News / Asia

Musharraf, En Route to Trial, Rushed to Hospital

FILE - Pakistan's former President and military ruler Pervez Musharraf addresses his party supporters at his house in Islamabad,  April 15, 2013.
FILE - Pakistan's former President and military ruler Pervez Musharraf addresses his party supporters at his house in Islamabad, April 15, 2013.
VOA NewsAyaz Gul
Pakistan’s former leader Pervez Musharraf was due in court Thursday to face treason charges, but instead was rushed to a military hospital with complaints of heart trouble. 
 
The high treason trial of former president and army chief Pervez Musharraf was halted until Monday at a three-member special court in Islamabad. 
 
Prosecutors said his presence is required for a possible indictment and a judicial order binds  Musharraf to appear. 
 
The 70-year-old former military strongman has already missed two opening sessions citing security concerns, including a bomb scare.
 
Defense lawyer Ahmad Raza Kasuri said a medical emergency prevented Musharraf from appearing in court on Thursday.
 
“While he was in the process of moving towards the court he had some sudden ailment and for that he was immediately, instead of bringing him here [in the court], shifted to Armed Services Institute of Cardiology [a military-run hospital],” he said. “So he is now admitted there.”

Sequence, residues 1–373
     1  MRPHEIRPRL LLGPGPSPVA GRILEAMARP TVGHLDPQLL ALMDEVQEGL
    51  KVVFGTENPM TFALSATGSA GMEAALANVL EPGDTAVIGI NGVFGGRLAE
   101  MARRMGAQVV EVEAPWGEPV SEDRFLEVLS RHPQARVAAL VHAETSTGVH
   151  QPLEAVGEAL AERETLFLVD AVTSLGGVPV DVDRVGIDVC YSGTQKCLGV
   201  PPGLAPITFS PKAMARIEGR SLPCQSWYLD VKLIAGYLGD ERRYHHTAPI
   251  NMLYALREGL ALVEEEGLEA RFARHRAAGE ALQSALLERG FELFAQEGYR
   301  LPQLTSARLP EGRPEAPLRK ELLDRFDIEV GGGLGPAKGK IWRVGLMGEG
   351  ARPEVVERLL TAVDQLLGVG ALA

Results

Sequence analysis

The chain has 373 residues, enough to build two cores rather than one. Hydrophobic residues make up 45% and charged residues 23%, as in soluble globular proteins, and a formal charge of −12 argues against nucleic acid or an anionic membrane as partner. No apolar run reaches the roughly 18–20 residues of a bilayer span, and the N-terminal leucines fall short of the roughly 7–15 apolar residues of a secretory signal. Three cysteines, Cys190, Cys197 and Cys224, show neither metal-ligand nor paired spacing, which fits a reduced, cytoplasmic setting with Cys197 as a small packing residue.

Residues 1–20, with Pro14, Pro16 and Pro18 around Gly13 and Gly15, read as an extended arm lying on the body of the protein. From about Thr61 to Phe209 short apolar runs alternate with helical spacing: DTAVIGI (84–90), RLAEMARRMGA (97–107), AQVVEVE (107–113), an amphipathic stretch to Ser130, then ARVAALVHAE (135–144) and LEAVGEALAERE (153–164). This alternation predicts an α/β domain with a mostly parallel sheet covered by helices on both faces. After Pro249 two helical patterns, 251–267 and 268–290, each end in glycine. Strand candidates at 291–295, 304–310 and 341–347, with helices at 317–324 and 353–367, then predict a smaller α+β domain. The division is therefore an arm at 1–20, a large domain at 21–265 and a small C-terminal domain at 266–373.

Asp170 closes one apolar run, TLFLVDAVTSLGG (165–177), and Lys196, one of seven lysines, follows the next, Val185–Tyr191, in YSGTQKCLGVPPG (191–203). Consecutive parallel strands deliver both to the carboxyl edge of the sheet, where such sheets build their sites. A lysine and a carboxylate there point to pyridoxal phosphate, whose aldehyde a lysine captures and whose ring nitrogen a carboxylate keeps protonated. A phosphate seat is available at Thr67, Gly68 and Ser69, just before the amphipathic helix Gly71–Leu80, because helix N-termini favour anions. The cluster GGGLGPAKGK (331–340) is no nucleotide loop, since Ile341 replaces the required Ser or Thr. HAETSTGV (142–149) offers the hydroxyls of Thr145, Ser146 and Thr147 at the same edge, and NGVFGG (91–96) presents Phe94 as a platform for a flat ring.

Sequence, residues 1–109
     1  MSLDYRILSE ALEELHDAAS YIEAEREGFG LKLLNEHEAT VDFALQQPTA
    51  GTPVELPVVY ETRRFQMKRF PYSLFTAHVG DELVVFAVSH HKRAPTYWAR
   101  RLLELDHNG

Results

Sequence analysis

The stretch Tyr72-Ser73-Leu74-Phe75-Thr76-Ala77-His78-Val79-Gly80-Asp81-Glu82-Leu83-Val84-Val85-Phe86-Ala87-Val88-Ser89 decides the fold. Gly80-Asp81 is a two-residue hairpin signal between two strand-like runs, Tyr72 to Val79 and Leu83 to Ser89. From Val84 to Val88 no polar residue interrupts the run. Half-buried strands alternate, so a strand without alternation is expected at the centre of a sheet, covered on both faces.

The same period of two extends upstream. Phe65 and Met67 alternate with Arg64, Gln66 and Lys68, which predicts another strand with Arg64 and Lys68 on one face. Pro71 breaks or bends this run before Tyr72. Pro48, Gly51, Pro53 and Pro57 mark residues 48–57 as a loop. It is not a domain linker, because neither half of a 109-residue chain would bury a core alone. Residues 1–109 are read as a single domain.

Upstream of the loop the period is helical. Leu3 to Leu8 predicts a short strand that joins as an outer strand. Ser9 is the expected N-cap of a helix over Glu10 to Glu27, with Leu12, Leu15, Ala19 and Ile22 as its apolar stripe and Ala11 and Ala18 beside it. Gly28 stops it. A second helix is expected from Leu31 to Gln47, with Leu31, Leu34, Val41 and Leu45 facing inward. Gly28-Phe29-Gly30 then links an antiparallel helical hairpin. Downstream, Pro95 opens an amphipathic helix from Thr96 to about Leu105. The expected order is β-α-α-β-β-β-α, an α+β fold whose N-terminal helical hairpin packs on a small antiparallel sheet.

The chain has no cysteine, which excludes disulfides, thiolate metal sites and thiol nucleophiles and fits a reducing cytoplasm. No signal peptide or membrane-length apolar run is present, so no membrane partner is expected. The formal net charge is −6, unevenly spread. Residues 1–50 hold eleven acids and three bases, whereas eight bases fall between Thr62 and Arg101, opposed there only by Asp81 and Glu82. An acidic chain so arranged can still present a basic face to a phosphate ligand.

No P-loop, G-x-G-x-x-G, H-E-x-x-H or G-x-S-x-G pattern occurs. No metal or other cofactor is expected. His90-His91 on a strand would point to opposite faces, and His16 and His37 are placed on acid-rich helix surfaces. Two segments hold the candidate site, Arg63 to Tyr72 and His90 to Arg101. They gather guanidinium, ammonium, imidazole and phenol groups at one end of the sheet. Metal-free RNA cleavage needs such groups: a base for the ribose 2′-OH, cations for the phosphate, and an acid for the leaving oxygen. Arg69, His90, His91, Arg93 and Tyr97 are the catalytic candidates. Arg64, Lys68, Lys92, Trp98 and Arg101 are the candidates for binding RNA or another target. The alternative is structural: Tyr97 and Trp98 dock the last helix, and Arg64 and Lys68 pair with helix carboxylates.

The military hospital treating Musharraf is located in the nearby city of Rawalpindi, where the powerful military is headquartered.   
 
Musharraf was the army chief in 1999 when he seized power in a coup by deposing Prime Minister Nawaz Sharif, who has now returned to office.  He later declared himself president to rule the country and stepped down in 2008 before leaving Pakistan in self-imposed exile.
 
The treason charges against Musharraf stem from his last days in office 2007 when he imposed emergency rule in the country and dismissed dozens of judges in a bid to cling to power. 
 
During Thursday’s legal proceedings defense lawyer Anwar Mansoor again questioned the integrity of the court and the legal process.
 
Speaking to VOA,  Mansoor alleged the government has intentionally ignored certain constitutional requirements while pursuing the treason case and appointing prosecutors.